Categories
Cinematography Directing Filmmakers

Book Review: Shoot Like Tarantino

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Publisher: Michael Wiese Productions

Release Date: Aug 01, 2015

Christopher Kenworthy’s Shoot Like Tarantino: The Visual Secrets of Dangerous Storytelling is a strange animal. It is a book written and arranged for burgeoning filmmakers in an effort to help them learn from Tarantino’s camera techniques. Kenworthy does an admirable job at explaining his intentions in the book’s introduction, and they bear repeating here:

“…This book shows you why the best moments in [Tarantino’s] films work so well, and how you can take that knowledge to make your own films work more effectively.

You don’t want to copy Tarantino. Hundreds of people copy Tarantino without understanding what it is that makes him brilliant and the result is usually a lot of swearing and pointless violence. When people copy Tarantino badly, it makes for an embarrassing mess.

You want to be an exciting and original filmmaker, but when you learn the shots, shortcuts, and creative setups that Tarantino has mastered, you will become a better filmmaker. An understanding of how he works should give you more opportunities to be creative with the camera… The films explored in this book show that no matter how good your actors or your script, you need to explore the magic of the camera to make your story work on the big screen.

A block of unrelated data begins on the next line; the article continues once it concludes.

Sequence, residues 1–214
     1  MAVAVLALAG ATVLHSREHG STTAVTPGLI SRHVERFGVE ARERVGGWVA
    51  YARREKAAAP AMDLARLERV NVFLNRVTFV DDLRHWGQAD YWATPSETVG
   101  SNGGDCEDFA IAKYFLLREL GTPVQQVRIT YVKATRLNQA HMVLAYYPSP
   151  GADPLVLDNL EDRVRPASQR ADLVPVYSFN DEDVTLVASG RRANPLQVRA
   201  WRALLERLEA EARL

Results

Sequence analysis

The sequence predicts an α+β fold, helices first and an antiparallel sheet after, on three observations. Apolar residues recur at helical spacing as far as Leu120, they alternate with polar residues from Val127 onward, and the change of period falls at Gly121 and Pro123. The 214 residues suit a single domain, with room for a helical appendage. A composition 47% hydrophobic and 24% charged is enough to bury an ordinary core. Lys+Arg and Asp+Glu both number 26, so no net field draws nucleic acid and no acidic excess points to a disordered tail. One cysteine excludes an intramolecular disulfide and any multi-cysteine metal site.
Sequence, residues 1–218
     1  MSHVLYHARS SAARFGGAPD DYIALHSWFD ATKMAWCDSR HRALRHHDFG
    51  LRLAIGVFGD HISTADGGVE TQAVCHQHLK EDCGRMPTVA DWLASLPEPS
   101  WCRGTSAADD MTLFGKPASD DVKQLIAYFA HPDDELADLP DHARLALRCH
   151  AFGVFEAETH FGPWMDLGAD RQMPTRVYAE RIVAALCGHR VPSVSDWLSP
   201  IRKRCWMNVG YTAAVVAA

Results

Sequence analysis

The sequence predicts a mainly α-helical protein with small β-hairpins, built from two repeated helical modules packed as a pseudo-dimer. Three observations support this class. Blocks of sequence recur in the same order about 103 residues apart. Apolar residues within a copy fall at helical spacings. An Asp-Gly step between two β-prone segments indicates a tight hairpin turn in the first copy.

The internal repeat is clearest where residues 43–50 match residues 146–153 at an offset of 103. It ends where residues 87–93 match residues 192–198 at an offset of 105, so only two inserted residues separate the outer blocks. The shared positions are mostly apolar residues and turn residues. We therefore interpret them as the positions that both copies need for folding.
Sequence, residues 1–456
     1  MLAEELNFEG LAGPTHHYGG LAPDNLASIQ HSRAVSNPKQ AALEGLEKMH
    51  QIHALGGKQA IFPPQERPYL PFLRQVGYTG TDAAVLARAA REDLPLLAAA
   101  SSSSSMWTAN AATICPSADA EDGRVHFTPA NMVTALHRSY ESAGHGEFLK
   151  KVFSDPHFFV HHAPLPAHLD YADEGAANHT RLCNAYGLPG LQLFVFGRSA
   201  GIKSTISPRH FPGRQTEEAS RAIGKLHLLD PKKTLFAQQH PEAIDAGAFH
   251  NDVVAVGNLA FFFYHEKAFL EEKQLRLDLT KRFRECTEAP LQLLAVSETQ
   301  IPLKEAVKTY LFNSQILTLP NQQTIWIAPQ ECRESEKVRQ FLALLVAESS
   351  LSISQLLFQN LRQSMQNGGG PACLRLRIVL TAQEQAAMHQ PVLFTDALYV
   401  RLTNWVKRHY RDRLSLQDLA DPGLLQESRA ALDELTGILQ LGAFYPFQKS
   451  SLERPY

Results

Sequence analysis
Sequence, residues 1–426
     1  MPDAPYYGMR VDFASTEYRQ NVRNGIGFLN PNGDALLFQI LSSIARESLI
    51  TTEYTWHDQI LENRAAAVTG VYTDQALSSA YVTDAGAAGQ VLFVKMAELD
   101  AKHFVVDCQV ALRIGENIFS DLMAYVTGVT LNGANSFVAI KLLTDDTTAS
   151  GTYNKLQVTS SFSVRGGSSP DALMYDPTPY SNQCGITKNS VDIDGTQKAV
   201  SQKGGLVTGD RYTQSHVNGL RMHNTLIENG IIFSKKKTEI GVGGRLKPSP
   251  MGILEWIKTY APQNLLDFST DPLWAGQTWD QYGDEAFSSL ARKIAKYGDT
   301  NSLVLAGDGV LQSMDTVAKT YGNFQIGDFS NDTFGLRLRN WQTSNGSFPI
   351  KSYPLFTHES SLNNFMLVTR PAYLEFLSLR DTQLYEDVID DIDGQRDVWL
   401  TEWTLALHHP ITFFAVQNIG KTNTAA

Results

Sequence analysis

The scenes chosen for this book range from unforgettable masterpieces to more functional moments, to show that a good storyteller must make the most of the shot, whether it’s the best scene or one of the minor plot points…

…By the time you have reached the end of the book you should have a good grasp of how Tarantino sees a scene, how carefully he sets it up, and how he films creatively. You’ll be able to shoot your own scenes with a better understanding of the visual techniques that make a scene come to life.” -Christopher Kenworthy (Introduction, Shoot Like Tarantino, 2015)

It is good that Kenworthy makes it a point to discourage the reader from merely using the information in the book in an effort to copy the director’s methodology. The book is meant to illuminate the visual language of the cinema and how Quentin Tarantino is able to filter this language through his own voice. It is the language that the reader is intended to learn. The voice that this language is filtered through should absolutely be their own. It is a similar concept to how great painters once learned their craft by painting the works of the great masters that proceeded them. Only after learning their craft could they filter this through their own unique subjective voice to create art. Luckily, for anyone with innate talent, their material will automatically be filtered through their own unique perspective without any pretentious effort on their part—but they will need to learn and understand the language, and this book is an extremely fun way to do this (even if it doesn’t cover the entirety of this language).